A conversation with Katrina Gerber – June 1, 2005

For a different perspective Tom Bean suggested we talk to Katrina Gerber, who he credits with being the first LEED Accredited Professional in Kansas City. Kat is a proud graduate of Kansas State with a Bachelor's degree in Architectural Engineering--a systems oriented degree. She is an advocate of LEED and the USGBC within the community and at her firm BGR Consulting Engineers. http://www.bgrengineers.com

1 – What person influenced you most regarding environmental issues?

  • I first heard Bob Berkebile speak in 1996 at a US Green Building Council seminar at Bartle Hall. He's a great speaker and has such a passion for it.
  • 2 – What event opened your eyes to environmental issues?

  • After hearing Bob speak I began doing some research on my own. I was looking at all the documentation that was readily available--the numbers on energy use in the United States, our global impact, and the many alternatives that exist.
  • 3 – Name one habit or convenience you gave up for environmental reasons.

    4 – Name something you wish more people realized is harmful to the environment.

  • It's the whole decision making process. We need to be aware not only of the energy something uses but also what resources went into creating and transporting the product to us. We need to get to a kind of "global mentality" where we don't just follow regulations on which refrigerant we can use, it's not enough to just comply with the rules in place.
  • 5 – What is the most important thing you do personally to conserve natural resources?

  • Just the simple stuff: not leaving lights on, changing from incandescent bulbs to fluorescent throughout the house, adding insulation in the walls and attic. In our office we have an agreement: when the temperature outside is under 70 degrees we do not run air conditioning. When there is good sunlight we turn off the lights. I believe we all inherently want to do good things, it's just an education process to learn the simple behaviors that make a difference.
  • 6 – What alternative do you feel more people need to learn?

  • Getting away from dependence on our automobiles. Take a 5 block walk to lunch and don't circle the parking lot looking for that "perfect spot" right by the entrance. One of the biggest benefits of working downtown is being able to walk to everything, business meetings, lunches, and City Hall.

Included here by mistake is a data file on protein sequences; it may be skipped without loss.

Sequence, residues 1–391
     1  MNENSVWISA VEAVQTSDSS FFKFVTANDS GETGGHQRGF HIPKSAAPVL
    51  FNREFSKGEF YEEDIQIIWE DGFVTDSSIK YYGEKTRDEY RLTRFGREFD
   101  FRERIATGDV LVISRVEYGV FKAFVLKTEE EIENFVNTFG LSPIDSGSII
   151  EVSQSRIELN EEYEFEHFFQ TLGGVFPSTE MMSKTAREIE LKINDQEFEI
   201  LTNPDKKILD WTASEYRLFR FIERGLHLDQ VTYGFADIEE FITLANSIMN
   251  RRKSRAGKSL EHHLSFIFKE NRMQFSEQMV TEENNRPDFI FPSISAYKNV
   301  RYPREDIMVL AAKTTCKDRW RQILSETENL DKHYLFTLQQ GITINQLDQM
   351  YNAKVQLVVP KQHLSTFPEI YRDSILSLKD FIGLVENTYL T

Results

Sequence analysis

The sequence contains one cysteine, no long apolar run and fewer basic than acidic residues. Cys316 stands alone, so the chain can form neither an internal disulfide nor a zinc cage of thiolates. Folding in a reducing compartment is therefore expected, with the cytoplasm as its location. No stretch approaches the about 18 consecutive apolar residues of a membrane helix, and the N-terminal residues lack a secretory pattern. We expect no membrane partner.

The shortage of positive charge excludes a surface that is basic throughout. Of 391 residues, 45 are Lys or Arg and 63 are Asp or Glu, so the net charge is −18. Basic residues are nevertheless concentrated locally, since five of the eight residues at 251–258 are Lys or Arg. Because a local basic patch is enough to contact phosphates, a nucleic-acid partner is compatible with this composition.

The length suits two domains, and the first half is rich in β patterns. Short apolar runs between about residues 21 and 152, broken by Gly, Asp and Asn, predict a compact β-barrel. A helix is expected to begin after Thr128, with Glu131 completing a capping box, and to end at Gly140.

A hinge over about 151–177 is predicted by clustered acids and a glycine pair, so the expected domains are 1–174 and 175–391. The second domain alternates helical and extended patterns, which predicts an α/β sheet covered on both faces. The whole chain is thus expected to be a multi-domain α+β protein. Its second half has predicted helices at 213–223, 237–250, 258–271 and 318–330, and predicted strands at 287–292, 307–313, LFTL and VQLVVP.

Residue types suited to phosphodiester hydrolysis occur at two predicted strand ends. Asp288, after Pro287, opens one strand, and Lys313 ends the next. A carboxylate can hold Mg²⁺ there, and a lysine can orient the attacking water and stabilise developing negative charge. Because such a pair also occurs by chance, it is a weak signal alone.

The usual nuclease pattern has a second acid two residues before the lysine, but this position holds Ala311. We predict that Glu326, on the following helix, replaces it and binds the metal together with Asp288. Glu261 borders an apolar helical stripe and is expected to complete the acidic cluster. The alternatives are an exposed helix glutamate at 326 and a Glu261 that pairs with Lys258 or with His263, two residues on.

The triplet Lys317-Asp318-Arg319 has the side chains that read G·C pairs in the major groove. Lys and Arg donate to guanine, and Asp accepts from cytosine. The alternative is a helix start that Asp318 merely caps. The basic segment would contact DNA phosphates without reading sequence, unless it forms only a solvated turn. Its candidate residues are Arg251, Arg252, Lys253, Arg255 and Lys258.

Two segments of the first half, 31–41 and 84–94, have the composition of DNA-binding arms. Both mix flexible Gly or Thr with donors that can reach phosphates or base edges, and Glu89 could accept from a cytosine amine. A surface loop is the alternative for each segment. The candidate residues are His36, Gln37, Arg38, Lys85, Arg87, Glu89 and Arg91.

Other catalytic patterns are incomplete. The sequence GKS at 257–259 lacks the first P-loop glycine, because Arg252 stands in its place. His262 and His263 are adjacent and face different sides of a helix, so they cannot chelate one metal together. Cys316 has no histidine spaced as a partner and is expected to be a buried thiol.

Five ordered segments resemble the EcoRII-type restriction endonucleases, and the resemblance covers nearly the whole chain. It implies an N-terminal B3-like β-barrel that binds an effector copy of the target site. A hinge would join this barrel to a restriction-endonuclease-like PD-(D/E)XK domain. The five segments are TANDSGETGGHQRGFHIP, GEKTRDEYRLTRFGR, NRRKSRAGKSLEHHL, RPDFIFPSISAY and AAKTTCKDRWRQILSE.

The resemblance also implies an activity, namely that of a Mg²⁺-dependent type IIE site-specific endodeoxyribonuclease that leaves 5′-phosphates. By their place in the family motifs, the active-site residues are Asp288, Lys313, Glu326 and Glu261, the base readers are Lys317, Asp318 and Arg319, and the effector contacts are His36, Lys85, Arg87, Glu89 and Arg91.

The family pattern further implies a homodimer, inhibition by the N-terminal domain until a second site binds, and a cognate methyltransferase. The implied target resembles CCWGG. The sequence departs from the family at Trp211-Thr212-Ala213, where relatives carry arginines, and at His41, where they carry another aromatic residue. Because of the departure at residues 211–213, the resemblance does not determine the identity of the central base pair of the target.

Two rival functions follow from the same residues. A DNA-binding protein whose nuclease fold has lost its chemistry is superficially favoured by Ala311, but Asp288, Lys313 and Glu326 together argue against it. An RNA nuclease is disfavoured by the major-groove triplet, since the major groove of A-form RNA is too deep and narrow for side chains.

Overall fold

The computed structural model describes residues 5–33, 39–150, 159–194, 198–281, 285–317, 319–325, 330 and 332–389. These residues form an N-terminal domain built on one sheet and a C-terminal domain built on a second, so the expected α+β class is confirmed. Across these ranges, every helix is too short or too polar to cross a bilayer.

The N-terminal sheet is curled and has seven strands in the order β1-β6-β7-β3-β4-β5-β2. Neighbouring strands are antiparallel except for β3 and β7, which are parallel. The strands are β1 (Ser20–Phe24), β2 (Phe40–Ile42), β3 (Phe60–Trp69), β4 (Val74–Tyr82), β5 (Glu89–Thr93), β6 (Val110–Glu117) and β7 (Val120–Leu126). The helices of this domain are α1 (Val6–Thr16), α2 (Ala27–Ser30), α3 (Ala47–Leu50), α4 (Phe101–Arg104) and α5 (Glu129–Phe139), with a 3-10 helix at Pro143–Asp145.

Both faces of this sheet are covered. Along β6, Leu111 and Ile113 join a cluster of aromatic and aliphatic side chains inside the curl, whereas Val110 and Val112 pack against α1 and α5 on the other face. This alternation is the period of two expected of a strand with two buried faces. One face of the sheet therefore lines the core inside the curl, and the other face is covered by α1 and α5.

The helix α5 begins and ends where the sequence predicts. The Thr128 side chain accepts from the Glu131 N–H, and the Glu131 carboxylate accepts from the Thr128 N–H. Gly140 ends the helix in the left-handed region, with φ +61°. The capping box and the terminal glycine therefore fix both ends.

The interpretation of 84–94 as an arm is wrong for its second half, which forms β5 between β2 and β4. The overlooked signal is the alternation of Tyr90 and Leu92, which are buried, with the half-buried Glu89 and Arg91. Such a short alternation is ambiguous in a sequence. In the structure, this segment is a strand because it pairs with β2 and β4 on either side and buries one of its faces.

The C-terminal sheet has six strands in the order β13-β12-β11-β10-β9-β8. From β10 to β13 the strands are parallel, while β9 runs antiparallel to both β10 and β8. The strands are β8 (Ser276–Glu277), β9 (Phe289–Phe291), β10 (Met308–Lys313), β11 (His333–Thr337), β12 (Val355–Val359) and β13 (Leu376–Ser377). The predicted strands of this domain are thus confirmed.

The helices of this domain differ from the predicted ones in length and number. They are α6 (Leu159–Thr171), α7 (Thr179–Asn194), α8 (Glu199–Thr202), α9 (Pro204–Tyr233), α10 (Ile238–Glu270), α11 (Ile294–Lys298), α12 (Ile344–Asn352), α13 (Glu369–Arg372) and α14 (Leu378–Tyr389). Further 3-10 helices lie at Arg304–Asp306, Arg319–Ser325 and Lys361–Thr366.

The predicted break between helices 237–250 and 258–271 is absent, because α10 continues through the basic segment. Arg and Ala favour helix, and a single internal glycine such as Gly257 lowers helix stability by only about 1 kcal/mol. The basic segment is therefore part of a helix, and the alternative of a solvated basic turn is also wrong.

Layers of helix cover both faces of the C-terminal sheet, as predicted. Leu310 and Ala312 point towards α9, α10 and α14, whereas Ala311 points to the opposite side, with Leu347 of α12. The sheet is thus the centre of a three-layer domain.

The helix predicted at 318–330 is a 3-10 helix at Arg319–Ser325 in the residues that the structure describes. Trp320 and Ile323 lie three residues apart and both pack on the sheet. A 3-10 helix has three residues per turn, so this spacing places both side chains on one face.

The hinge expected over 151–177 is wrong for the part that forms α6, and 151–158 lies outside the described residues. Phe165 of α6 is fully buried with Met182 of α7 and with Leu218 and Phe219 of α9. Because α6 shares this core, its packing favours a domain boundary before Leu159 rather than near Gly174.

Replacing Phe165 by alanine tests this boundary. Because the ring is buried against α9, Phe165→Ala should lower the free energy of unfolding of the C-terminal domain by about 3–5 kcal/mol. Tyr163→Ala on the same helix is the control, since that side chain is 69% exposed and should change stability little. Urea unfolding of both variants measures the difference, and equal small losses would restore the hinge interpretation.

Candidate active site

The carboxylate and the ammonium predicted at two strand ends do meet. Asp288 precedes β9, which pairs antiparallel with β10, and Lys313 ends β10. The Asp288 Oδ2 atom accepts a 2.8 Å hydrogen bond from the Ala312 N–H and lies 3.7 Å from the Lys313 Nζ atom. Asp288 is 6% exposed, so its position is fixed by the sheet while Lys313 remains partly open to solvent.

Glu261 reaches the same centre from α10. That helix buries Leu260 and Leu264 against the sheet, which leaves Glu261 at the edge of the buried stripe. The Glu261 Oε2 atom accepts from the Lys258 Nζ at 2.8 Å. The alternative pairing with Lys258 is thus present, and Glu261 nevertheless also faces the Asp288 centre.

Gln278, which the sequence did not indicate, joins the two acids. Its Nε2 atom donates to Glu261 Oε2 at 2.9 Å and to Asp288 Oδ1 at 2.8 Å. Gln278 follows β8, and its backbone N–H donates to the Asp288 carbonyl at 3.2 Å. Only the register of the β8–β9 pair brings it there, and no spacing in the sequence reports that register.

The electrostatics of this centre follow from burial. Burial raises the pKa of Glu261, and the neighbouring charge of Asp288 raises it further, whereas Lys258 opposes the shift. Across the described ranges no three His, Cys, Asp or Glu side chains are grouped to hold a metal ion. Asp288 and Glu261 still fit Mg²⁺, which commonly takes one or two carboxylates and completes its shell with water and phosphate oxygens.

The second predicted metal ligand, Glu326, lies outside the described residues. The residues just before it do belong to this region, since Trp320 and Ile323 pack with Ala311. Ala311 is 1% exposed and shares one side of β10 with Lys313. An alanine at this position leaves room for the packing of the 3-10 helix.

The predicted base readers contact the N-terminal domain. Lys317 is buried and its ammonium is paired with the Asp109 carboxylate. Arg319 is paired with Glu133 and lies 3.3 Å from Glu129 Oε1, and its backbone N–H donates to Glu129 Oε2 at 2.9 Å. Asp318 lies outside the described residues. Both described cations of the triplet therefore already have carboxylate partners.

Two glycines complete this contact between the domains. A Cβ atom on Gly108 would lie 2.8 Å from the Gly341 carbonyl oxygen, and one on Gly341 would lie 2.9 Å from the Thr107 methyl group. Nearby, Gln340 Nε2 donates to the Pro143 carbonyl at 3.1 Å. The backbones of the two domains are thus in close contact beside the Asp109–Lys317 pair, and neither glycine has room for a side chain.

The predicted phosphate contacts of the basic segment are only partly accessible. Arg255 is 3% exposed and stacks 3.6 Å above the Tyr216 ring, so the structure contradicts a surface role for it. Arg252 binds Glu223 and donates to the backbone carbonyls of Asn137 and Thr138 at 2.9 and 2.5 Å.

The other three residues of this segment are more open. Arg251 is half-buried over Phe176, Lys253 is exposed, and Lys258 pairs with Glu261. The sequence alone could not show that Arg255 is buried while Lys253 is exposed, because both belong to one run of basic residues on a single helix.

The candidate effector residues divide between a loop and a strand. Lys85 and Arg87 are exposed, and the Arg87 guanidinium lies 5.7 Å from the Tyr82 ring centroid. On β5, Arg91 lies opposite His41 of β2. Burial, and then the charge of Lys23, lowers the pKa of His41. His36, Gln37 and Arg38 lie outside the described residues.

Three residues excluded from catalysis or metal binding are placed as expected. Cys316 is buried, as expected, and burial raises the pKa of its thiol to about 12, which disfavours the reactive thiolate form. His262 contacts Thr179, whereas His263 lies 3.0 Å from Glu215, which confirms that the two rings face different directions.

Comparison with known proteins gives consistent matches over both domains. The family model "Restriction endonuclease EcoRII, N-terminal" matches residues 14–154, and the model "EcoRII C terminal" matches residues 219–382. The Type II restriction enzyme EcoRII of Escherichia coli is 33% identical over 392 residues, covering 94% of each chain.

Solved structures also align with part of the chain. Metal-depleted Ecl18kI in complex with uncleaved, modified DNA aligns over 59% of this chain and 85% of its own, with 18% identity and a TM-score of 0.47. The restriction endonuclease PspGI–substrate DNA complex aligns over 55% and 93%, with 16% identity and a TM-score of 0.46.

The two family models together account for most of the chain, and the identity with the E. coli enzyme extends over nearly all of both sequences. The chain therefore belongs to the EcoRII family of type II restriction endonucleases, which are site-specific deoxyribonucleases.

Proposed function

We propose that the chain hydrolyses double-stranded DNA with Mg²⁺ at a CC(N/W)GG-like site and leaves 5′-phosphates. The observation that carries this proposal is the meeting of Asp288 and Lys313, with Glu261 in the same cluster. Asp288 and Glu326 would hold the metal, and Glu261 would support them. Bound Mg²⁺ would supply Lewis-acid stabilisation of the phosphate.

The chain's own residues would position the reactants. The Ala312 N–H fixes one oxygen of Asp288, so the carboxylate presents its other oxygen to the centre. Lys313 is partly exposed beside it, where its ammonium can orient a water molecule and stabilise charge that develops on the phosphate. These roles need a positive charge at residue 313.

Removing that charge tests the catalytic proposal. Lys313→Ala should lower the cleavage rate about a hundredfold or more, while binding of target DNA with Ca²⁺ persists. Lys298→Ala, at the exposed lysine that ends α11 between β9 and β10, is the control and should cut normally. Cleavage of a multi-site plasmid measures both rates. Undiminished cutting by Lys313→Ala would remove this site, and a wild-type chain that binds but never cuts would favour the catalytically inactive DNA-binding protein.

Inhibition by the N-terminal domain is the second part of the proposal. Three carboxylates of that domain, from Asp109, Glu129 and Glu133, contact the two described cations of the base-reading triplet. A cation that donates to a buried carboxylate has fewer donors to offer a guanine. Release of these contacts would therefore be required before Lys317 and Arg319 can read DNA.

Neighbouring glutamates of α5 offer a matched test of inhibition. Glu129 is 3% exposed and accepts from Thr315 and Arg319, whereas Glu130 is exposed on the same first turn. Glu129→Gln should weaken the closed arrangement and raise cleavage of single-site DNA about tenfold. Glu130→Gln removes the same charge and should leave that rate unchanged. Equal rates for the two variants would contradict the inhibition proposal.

• 7 – What contribution are you uniquely able to make toward environmental causes?

  • I am a big proponent of geothermal heating and cooling. It's one of the first things we evaluate on our projects. When it is appropriate we then educate everyone about why it makes sense. One such project under construction is the Linda Hall Library at UMKC. It's the biggest geothermal plant in a five-state area with 400-plus tons. This facility is nationally known for engineering research and they had installed a brand new physical plant in 1989. They had to question the notion of replacing the entire plant so soon. We determined the system will pay for itself in 8-1/2 years. The new Ronald McDonald house is also geothermal.
  • 8 – What do you think is the next step for Kansas City as a community at the present time?

  • A lot of it is just getting behind these issues, as with indoor air quality and the "no smoking" initiative. Different jurisdictions are trying to pass independent ordinances, which is a start. There is just a resistance to "change." This is where we as design professionals need to get involved within the community, within local councils and committees. Within the last year and a half I've started getting more involved, but time is always a precious commodity.
  • 9 – What change to your lifestyle or behavior was the hardest to adopt or maintain?

  • My car: an SUV. We decided a while ago that the next car we buy is going to be smaller. With hauling 2 kids and their gear to soccer and events, that's always been my excuse--and a lame one.
  • 10 – What do you think Kansas City has done well?

  • Getting something on the books; passing things like the LEED Silver ordinance has promoted a knowledge and dialogue that in the past wasn't readily accessible. It's forced professionals in the community to get educated about the technologies and choices. This influences other municipalities as well. It's baby steps.
  • 11 – What is your most successful green building project?

  • Perhaps the Sunset Office Building for Johnson County, though not necessarily by measurement of the building systems. It was a great example of integration of all of the entities, the owner, architect, contractor and engineer, working together to set and accomplish goals of sustainability. It was the whole design process.
  • [ note: for a good description of the sustainable technologies in this project go to the Johnson County website: http://facilities.jocogov.org ]

    12 – What is a good example of environmental design in Kansas City?

  • I took my son to the Discovery Center to show him some of the work Mom does. The living machine, photovoltaics, geothermal… it's a great place for anyone in Kansas City who wants to understand more about the choices we have available to us..
  • 13 – What is the biggest change you hope to see in society within your lifetime?

  • We joke in our office about a project that doesn't require air conditioning. I would like to see society change their view on what is "comfortable." 82 degrees is not uncomfortable. This is just a mindset that has been put on us that we define comfort as being separated from the seasons.
  • ("Green Thirteen" is a series of questions intended to explore the journey of environmental thinking, from inspiration to education to action--with a dual-focus on both individual and community perspectives. Interviewer: Scott Kevin Jones, AIA, LEED AP)

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